Friday, April 1, 2011

Forbidden Fruit

Bananas are a thing of the past around here. Poor Henry used to consume one every morning along with his cereal and morning coffee (unlike me, he will not eat leftovers for breakfast) until I did a little research and discovered that bananas are extremely high in both sugars (28 g) and carbs (51 g). Now granted, they are a good source of fiber, vitamin C and potassium, so I don’t want to give them a bad rap but they no longer grace our breakfast table. Sigh.

Ah, but when we find ourselves on vacation, all bets are off.  Remember that trip we took recently?

We needed a quick get-a-way, so we headed for the Turks and Caicos. We had never been there, but it was a pretty straight shot from Atlanta (less than 2 hours on a plane, unless you travel in the midst of severe thunderstorms, which happened on the way back), we found a lovely, quiet place to stay (no big, all-inclusive resorts for us) and it looked like a good place for a five-day sojourn.

Indeed, it was. While Provo isn’t a hotbed of activity, it was lovely and easy to navigate. We spent time on the beach, kayaked, explored an iguana-inhabited island, relaxed and enjoyed some lovely dinners at local restaurants. As these islands are under British rule, this last one was a surprise!

Nonetheless, we found good food on the island. Our favorite restaurant was Coyaba which is helmed by Chef Paul Newman (I’m not making that up). We were lucky enough to meet him and he shared some insights as to the difficulties involved in running a successful restaurant on the island. Unfortunately he did not share his recipe for Banana Caramel Eton Mess, but I am determined to re-create it. Stay tuned.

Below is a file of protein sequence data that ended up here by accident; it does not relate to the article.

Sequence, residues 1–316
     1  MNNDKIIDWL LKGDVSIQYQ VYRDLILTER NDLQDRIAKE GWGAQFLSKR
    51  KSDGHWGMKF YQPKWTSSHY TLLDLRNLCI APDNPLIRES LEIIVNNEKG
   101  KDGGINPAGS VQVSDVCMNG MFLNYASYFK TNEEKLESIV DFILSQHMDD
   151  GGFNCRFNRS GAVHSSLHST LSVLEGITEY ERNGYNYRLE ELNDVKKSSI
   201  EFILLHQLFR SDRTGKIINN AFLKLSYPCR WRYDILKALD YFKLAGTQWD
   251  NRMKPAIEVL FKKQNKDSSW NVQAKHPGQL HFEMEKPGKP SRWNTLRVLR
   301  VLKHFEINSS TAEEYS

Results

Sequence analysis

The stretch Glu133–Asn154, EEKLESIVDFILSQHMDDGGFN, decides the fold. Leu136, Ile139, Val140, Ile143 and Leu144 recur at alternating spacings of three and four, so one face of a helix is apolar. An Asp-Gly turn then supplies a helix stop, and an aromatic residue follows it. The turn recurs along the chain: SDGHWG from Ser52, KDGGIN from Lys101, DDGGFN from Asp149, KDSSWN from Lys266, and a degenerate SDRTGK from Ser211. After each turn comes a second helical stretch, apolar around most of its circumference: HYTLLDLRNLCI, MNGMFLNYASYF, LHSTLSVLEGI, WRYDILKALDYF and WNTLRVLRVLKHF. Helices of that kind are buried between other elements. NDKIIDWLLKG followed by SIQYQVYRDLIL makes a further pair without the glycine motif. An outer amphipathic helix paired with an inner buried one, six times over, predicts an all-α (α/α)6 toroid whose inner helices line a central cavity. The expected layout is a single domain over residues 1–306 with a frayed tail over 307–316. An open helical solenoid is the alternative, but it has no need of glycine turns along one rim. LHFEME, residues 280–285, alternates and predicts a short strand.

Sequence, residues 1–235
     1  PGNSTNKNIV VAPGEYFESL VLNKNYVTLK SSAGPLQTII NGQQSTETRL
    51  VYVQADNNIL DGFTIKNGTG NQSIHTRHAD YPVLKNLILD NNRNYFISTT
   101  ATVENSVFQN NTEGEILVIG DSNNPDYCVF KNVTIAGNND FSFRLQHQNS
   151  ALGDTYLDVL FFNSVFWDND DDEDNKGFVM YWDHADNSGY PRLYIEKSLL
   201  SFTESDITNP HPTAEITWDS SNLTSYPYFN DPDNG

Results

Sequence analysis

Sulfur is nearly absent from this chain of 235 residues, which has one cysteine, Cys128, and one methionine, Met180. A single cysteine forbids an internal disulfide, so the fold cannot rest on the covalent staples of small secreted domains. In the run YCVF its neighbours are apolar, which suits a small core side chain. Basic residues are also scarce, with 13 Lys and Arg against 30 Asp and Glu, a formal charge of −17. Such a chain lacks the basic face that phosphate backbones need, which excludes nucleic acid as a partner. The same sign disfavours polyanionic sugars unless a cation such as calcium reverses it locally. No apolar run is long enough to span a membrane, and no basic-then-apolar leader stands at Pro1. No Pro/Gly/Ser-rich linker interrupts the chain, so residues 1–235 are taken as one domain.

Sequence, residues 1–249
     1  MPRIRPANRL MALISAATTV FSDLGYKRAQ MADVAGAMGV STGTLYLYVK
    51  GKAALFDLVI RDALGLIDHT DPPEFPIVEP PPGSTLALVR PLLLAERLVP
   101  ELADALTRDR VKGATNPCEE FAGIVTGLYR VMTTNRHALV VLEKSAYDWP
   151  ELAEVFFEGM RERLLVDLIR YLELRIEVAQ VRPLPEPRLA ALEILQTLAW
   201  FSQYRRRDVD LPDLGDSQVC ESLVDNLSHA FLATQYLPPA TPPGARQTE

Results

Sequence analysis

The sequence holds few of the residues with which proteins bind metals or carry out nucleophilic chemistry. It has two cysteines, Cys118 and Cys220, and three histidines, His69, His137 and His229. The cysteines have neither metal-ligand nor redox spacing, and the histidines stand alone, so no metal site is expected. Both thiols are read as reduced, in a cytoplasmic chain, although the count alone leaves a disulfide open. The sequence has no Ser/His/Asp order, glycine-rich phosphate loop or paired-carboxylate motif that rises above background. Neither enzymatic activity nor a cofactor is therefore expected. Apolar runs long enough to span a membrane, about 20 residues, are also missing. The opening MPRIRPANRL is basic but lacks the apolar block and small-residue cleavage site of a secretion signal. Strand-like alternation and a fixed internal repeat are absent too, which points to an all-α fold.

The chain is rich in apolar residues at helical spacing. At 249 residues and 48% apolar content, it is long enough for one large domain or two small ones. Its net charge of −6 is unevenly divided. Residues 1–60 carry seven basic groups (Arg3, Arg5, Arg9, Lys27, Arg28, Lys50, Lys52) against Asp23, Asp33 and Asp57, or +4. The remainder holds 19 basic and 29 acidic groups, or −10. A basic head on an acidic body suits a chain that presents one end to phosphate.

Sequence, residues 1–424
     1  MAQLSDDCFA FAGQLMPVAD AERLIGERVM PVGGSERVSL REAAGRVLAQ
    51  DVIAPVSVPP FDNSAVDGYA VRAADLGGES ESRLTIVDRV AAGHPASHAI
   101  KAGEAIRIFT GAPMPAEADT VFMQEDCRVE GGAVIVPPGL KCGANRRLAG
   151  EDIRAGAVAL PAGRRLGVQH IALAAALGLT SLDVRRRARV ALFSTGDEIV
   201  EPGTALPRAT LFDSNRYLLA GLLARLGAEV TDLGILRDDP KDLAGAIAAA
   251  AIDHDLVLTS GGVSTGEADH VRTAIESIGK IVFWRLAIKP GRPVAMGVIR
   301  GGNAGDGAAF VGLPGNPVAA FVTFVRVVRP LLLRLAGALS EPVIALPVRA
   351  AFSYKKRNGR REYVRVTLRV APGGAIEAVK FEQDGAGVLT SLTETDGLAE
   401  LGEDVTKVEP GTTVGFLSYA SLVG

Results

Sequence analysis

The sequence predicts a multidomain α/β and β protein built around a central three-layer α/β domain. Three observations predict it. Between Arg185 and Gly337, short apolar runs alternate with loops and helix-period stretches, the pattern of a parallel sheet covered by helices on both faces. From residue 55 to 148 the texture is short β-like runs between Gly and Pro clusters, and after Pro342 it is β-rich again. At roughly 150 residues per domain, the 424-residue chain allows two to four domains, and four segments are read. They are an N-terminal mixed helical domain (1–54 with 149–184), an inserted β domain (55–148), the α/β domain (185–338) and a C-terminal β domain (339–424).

The other memorable dessert we encountered was Magnolia’s Banoffee Pie. I stumbled across the recipe while perusing one of the local dining magazines and figured it was reason enough to have dinner there. Well, why not? We had to make up for our banana deficiency somehow, right?

BANOFFEE PIE  (adapted from Chef Matt Gaynor, Magnolia Restaurant, Providenciales)

2 cups graham cracker crumbs
4 oz. (1 stick) unsalted butter, melted
1 ½ cups dulce de leche (or salted caramel, which is what I used)
2 bananas, sliced
2 cups heavy cream, chilled
¼ cup confectioner’s sugar
1 tablespoon instant espresso powder

Preheat oven to 350-degrees.

Place graham cracker crumbs in a large mixing bowl. Add melted butter and stir until combined. Press into a 9 or 10-inch tart pan, or 6 individual tart pans with removable bottoms. Bake for 10 to 15 minutes until just set; remove from oven and set aside to cool.

When crust is cool, pour the dulce de leche over and smooth top. Place in the refrigerator to set up and cool completely.

Just before serving, layer banana slices over the caramel layer. Whip the cream to soft peaks with the confectioner’s sugar and espresso powder. Spread evenly over the bananas. Cut and serve immediately.

Serves 6 – 8

• I will admit that I am a snob when it comes to graham cracker crusts. I normally eschew them in favor of some other type of cookie, as you know from my prior cheesecake posts. But, since this is a traditional British recipe, I elected to just go with it and you know what? I liked it!

• I had some leftover salted caramel from making one of those Sweet and Salty Cakes so I subbed it for the dulce de leche. This was a good decision; so much so that if I make this again, I would venture so far as to make some salted caramel specifically for this dessert. Make your own choice: here are the links for both:

• F.Y.I., when I made this (for that potluck recently where I took the mac and cheese), I used an 11 x 7 ½ -inch rectangular tart pan with a removable bottom. Use whatever you have.

• Yeah, we had both mac and cheese and banoffee pie that night. What was I thinking????????


  1. this looks delicious! I am officially salivating over it now.

  2. ummmm.... Y U M M M M M !!!